Week 2 is now in the books, so let’s take a look at how the denizens of the AFC North fared. Let’s go straight for the numbers:
Baltimore Ravens: 1-1
Cincinnati Bengals: 1-1
Cleveland Browns: 0-2
Pittsburgh Steelers: 1-1
Now let’s look more closely at how these teams achieved these records.
Although it may be lamented by many, the AFC North is no longer a ground-and-pound division. Most games are going to depend on the QB play, although this is naturally assisted by an effective running game. So here are the QBs by the numbers thus far. Here's a graphic comparing their average passer rating and average completion percentage for the first two weeks:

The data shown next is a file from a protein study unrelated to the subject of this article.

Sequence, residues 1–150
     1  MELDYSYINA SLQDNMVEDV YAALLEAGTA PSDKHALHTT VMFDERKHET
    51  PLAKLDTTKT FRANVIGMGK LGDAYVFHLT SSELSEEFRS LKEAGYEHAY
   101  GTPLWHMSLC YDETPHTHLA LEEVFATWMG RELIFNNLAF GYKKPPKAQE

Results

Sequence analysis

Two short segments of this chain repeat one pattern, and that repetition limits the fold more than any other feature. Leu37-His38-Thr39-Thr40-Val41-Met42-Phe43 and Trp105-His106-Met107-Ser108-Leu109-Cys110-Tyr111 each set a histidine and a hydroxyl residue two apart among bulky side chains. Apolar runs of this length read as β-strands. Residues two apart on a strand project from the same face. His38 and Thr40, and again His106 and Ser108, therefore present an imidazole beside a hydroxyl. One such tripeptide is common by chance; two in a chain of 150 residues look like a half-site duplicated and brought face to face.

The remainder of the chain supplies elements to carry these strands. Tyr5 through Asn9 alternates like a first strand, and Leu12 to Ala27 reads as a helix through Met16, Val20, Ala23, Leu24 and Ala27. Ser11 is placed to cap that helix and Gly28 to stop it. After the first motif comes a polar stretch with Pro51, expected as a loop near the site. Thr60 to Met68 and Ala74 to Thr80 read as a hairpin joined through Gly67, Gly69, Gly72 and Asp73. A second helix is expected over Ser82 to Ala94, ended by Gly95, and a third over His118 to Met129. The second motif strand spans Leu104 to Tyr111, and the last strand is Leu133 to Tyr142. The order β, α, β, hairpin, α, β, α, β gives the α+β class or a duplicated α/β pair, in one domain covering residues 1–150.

In other news: Joe Flacco was the AFC Week 1 Player of the Week.
All of the AFC North QBs have thrown at least one interception. Flacco and Roethlisberger each have one; Andy Dalton has thrown two, and Brandon Weeden threw four in an epic Week One game, garnering him a spectacular passer rating of 5.1. He improved a good deal in Week Two.
It doesn’t just take a QB to make a play—he has to have receivers who actually hold onto the ball. Brandon Weeden’s woeful Week One QB rating wasn’t only due to bad throws on his part—his receivers let him down big time. Here are the numbers each week for numbers of receivers targeted and how many of them dropped the ball. (At this point I can’t correct for how well or poorly the ball was thrown, or how well the pass was defended. As the season progresses some of those numbers should become available for at least the most targeted receivers.)